For the first time in the history of Auburn’s College of Agriculture, two faculty members have been selected for the prestigious National Science Foundation Faculty Early Career Development (CAREER) program within the same year.
The CAREER Program is a Foundation-wide activity that offers the National Science Foundation's most prestigious awards in support of early-career faculty who have the potential to serve as academic role models in research and education and to lead advances in the mission of their department or organization.
Matthew Waters is an assistant professor of environmental science in the College of Agriculture’s Department of Crop, Soil and Environmental Sciences. Waters leads the Auburn PaleoEnvironmental Lab where he and his team of researchers reconstruct historic data recorded in lake sediments and cave environments to document ecological change throughout time.
His research projects focus on the land-water connections resulting from human and other environmental impacts and how these changes alter aquatic ecosystems. He has studied lake ecosystems throughout the Southeastern United States and Latin America.
Waters’ $639,971 CAREER project will focus on the historic occurrence of a group of toxins (cyanotoxins) associated with modern harmful algal blooms. Sample sites will span from North Carolina to Mexico, where Waters and his team will reconstruct Harmful Algal Blooms throughout the last 5,000 years.
The ultimate outcome of the project is to predict cyanotoxin outbreaks as well as determine if ancient societies like the Maya of Mesoamerica experienced harmful algal blooms similar to today’s societies.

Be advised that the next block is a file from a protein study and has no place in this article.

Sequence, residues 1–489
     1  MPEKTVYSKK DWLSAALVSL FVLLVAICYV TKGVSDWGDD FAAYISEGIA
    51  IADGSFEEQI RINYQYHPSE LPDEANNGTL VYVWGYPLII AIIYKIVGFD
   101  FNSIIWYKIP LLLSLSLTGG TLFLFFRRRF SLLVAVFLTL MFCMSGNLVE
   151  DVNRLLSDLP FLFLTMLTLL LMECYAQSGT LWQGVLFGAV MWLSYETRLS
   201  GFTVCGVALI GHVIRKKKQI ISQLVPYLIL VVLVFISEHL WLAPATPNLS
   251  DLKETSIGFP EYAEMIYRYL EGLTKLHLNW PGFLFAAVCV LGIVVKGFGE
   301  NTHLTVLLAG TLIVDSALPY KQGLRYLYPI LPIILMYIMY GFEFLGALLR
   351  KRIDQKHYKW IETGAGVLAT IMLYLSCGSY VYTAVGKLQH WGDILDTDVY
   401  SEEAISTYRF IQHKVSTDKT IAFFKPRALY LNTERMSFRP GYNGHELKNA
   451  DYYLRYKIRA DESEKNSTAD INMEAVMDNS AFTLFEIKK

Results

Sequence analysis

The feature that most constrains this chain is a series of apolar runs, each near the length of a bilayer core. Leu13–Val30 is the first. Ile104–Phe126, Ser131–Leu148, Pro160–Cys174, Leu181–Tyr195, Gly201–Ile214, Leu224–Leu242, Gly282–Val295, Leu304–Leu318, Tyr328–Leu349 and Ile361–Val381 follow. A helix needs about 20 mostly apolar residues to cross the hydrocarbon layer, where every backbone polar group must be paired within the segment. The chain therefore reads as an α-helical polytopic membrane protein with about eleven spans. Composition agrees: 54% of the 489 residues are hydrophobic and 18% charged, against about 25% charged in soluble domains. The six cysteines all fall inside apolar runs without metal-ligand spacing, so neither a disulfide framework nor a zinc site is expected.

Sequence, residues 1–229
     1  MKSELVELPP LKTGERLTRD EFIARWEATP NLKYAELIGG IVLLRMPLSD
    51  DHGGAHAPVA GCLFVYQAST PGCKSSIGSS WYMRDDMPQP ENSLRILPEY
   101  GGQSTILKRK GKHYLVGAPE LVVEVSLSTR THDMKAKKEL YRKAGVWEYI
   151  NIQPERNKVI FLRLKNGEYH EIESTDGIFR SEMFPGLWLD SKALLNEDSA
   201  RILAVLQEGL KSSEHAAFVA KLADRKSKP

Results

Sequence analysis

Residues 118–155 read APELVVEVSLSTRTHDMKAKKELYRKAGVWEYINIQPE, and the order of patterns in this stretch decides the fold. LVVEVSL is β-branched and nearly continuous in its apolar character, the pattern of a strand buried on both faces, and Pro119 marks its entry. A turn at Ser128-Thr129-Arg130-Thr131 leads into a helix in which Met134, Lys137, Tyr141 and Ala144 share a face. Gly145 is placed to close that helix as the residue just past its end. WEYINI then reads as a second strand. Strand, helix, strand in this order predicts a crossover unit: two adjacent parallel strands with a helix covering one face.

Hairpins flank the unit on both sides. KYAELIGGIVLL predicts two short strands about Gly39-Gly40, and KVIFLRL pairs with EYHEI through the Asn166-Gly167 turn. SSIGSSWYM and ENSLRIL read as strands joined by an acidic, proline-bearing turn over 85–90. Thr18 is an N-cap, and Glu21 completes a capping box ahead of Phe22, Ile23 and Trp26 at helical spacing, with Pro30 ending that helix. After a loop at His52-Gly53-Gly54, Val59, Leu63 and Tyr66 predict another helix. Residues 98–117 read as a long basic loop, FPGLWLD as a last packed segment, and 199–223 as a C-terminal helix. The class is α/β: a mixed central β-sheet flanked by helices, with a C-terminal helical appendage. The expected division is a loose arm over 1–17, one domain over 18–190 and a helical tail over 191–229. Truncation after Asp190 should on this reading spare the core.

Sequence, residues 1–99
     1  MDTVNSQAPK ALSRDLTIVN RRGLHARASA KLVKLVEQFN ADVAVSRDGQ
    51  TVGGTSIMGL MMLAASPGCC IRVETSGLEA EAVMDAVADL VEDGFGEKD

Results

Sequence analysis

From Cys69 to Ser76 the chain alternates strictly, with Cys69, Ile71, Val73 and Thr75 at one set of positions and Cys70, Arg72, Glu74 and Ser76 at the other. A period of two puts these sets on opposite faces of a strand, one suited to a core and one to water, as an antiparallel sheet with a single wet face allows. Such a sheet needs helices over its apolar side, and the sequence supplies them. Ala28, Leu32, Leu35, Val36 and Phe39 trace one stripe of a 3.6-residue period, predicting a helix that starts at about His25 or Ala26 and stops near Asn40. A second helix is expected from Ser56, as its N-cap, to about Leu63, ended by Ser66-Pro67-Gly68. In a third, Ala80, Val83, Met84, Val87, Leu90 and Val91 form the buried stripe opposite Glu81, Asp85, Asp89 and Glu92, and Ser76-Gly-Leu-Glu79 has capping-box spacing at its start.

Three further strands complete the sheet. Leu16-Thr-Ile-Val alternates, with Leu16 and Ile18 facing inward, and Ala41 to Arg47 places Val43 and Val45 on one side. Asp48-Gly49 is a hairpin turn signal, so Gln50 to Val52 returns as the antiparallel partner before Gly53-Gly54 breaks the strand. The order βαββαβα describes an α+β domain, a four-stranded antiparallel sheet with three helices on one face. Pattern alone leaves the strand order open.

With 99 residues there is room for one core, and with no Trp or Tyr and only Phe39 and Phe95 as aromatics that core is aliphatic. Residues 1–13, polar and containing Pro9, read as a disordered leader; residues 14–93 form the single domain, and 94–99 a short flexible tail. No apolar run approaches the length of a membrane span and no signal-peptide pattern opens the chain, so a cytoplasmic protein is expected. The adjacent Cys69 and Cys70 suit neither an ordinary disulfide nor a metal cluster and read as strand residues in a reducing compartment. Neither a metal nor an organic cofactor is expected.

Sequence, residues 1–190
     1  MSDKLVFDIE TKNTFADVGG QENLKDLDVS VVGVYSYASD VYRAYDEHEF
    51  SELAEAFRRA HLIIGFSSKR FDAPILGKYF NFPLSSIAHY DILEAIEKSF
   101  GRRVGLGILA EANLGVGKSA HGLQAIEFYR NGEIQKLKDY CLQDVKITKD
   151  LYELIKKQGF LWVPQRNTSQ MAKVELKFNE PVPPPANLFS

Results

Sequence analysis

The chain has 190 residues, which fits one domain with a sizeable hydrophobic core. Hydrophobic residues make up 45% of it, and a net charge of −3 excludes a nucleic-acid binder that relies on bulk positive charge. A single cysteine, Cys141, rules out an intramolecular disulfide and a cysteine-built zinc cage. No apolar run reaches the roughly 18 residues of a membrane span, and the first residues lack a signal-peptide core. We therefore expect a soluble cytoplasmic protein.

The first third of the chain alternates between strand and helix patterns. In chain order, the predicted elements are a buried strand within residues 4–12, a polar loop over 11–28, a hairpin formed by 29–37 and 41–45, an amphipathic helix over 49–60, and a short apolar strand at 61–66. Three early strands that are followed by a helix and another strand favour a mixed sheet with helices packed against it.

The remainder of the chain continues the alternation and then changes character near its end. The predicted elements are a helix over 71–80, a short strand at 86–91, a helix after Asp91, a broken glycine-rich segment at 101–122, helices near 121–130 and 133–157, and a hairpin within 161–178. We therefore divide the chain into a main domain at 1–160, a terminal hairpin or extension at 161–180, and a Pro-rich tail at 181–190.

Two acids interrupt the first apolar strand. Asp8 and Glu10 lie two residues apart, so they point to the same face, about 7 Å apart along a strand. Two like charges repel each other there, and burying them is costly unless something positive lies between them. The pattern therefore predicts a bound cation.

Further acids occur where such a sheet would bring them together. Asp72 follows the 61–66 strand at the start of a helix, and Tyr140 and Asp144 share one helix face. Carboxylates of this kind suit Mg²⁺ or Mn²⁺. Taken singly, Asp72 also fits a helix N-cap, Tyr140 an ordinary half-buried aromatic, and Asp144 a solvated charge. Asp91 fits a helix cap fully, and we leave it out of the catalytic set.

Neha Potnis is an assistant professor in the College of Agriculture’s Department of Entomology and Plant Pathology. Her research program is focused on exploring the dynamics of the host-pathogens arms race by studying interactions of pathogens with the resident microflora, the environment and the host.
Her overall goal is to develop mechanistic understanding of how pathogen responds to this dynamic environment and leverage this knowledge for proposing novel disease management strategies or altering the current strategies to control old and new disease outbreaks.
Potnis’ $849,698 CAREER project will focus on two goals: to understand various mechanisms that diverse pathogenic bacteria use to specialize on a common host and to identify traits that allow pathogenic bacteria to acquire infectivity on a new host.
This knowledge will increase the understanding of what makes bacterium pathogenic and how pathogens can manage to shift to a new host and cause disease outbreaks in agroecosystems.
The educational goals include fostering STEM research interests by providing research opportunities for high school students from high-need schools in Alabama and first-generation minority undergraduate students, and raising public knowledge of emergence of plant disease outbreaks, their influence on plant health and, ultimately, on human lives.
“The College of Agriculture is proud of the work conducted by Dr. Potnis and Dr. Waters,” said Paul Patterson, dean of the College of Agriculture and director of the Alabama Agricultural Experiment Station. “I am very pleased to see them recognized by NSF with this distinction. This is an important career milestone for each researcher.”